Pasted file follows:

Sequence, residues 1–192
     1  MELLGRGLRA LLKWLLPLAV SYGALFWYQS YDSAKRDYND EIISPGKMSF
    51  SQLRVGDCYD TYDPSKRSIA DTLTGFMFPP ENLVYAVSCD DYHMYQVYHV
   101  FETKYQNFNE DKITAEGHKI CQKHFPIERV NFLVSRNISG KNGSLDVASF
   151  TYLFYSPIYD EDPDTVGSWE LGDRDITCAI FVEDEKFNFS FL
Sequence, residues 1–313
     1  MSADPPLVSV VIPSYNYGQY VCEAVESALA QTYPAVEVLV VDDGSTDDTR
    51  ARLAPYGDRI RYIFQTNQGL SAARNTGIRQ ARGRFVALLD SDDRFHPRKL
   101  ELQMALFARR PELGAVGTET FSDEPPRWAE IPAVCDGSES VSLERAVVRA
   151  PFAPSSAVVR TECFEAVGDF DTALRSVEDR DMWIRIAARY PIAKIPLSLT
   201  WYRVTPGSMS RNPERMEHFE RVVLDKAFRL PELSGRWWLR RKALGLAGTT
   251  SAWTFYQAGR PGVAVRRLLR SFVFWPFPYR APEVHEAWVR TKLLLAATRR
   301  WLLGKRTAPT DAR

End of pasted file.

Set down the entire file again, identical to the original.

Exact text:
Sequence, residues 1–192
     1  MELLGRGLRA LLKWLLPLAV SYGALFWYQS YDSAKRDYND EIISPGKMSF
    51  SQLRVGDCYD TYDPSKRSIA DTLTGFMFPP ENLVYAVSCD DYHMYQVYHV
   101  FETKYQNFNE DKITAEGHKI CQKHFPIERV NFLVSRNISG KNGSLDVASF
   151  TYLFYSPIYD EDPDTVGSWE LGDRDITCAI FVEDEKFNFS FL
Sequence, residues 1–313
     1  MSADPPLVSV VIPSYNYGQY VCEAVESALA QTYPAVEVLV VDDGSTDDTR
    51  ARLAPYGDRI RYIFQTNQGL SAARNTGIRQ ARGRFVALLD SDDRFHPRKL
   101  ELQMALFARR PELGAVGTET FSDEPPRWAE IPAVCDGSES VSLERAVVRA
   151  PFAPSSAVVR TECFEAVGDF DTALRSVEDR DMWIRIAARY PIAKIPLSLT
   201  WYRVTPGSMS RNPERMEHFE RVVLDKAFRL PELSGRWWLR RKALGLAGTT
   251  SAWTFYQAGR PGVAVRRLLR SFVFWPFPYR APEVHEAWVR TKLLLAATRR
   301  WLLGKRTAPT DAR